The ‘I hate Germanys’ as I like to call them are common to all German expats, and whilst there is no known cure, acknowledging the symptoms and developing a coping strategy will assist your survival. A cup of tea and some English telly, skyping with your best mate, gin, bitching with another expat and getting some exercise are all great ways, I find, to help me get back to a happier place.

Homesickness is hard, but the first time you realize that you are now out of the loop is harder, your family and friends don’t want to trouble you with their problems, but all you want is to feel normal and, less like they’ve forgotten about you and less isolated. It is hard for non expats to understand that your life may not always be peachy, to them you are on one long adventurous holiday, so make some expat friends and let the whining commence.

Adaptation/Acceptance – Small changes happen almost without you noticing, you take your bottles back to the shop for the deposit, you always have enough milk (even on a long weekend) etc You begin to understand the ‘German way’ and accept that this is just the way things are here, for better or worse ‘When in Erlangen…’

You will be building a social network, settling into your work and picking up the language. You will be less phased by surprises and more able to laugh at the moments that in the previous phase would have made you cry and hide under the duvet with chocolate.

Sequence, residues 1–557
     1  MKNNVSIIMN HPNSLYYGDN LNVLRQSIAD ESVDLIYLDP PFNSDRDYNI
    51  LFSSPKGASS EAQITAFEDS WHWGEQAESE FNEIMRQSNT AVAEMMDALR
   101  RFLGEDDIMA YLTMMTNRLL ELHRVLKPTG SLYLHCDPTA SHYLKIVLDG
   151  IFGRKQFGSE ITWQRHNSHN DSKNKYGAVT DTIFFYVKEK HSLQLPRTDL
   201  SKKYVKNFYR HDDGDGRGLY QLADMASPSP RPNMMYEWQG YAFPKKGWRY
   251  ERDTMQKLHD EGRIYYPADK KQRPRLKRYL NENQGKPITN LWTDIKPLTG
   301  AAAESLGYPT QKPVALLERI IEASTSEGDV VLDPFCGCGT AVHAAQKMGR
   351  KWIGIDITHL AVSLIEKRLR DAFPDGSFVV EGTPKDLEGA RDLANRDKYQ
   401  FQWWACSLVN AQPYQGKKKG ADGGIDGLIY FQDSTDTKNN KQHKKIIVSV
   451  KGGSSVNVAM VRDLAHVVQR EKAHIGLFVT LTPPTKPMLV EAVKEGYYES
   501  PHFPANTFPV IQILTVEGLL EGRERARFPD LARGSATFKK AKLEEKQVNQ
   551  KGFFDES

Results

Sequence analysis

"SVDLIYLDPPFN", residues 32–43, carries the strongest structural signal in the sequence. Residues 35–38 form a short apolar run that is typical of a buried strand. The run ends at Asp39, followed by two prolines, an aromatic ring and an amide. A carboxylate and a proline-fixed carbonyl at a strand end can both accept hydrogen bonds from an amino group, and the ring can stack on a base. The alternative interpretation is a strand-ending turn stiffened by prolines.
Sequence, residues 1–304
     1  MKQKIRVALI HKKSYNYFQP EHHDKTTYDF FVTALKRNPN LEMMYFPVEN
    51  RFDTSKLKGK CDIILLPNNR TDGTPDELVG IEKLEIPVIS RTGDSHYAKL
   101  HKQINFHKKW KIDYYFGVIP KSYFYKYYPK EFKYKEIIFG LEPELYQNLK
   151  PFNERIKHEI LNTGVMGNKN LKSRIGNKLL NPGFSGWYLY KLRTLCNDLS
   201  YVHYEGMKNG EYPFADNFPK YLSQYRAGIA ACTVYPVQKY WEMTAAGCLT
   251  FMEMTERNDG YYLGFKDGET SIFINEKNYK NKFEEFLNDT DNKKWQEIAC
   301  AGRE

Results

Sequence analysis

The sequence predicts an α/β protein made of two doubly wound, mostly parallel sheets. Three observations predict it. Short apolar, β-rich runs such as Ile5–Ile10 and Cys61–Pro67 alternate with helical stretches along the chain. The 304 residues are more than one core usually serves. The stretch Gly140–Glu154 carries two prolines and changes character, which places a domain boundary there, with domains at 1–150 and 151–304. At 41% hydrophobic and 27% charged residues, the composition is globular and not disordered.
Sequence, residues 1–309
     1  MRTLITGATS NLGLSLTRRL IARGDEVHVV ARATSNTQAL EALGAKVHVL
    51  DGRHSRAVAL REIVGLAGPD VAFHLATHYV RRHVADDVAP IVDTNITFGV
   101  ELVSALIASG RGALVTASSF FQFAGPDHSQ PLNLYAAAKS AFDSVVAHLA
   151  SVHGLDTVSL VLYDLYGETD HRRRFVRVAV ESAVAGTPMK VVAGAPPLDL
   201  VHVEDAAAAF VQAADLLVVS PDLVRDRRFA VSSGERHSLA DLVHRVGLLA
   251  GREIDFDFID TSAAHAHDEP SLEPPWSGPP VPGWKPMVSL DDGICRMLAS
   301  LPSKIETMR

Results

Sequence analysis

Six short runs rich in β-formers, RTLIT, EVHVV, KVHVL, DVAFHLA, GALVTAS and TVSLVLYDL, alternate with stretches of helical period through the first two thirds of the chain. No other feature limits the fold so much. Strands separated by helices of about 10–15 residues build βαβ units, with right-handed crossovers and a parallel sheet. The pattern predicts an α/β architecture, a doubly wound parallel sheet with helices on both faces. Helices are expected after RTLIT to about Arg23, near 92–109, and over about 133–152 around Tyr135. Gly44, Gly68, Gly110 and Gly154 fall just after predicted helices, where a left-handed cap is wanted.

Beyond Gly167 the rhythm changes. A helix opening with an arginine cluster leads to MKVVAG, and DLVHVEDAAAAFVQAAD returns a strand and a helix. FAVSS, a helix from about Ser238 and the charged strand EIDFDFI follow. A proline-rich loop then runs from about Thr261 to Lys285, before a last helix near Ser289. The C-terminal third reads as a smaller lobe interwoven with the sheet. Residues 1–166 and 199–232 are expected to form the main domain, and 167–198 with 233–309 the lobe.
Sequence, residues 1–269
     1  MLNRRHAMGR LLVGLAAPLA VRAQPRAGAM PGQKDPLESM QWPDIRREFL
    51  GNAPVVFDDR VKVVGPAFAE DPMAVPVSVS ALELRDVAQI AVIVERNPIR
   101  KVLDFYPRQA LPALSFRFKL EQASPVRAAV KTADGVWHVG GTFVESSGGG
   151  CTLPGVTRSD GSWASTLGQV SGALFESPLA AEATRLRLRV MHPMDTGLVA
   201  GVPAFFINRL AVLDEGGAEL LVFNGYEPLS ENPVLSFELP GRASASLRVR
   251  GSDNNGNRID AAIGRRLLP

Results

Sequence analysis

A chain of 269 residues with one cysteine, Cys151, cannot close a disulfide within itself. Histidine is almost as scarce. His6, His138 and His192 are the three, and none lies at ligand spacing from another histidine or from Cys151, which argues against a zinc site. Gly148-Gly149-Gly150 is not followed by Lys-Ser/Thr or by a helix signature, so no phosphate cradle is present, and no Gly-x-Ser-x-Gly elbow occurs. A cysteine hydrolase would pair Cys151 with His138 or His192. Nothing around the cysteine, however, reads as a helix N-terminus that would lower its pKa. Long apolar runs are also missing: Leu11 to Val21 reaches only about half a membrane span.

Integration/home – Integration is very personal to you, some people place the emphasis on learning the language, others on excelling at work or having a large social circle. Personally I felt integrated when I considered Erlangen my home, England will always be my ‘home, home’ but I love where I live (welcome to the ‘I love Germanys’) and feel a connection to this place that I didn’t expect to ever feel towards a temporary home.

Most articles on this subject show a nice U shaped curve from honeymoon, down to hostility, travelling back up through adaptation to integration which ends at the same or higher level than honeymoon. It’s a good guide but I have yet to find anyone who went through the cycle so smoothly, mine was probably more corkscrew in shape, and it’s still ongoing.

As I said there is no hard and fast rule for how and when you will experience these stages. It can feel like the boundaries are constantly shifting like sand, and they are, but you’re an expat, and expats are flexible, adaptable, knowledgable people. We know that somedays we will check what the price of the next flight home too many times and devour way too much Cadburys chocolate and the next spend an age looking at houses for sale in our new home city and contemplating spending half a wage packet on a new bike. There will always be something about Germany that I have yet to learn and a something new to find amazing or annoying, that’s life, and not everyone gets the opportunity to try this life out, be an adventurer and make the most of it.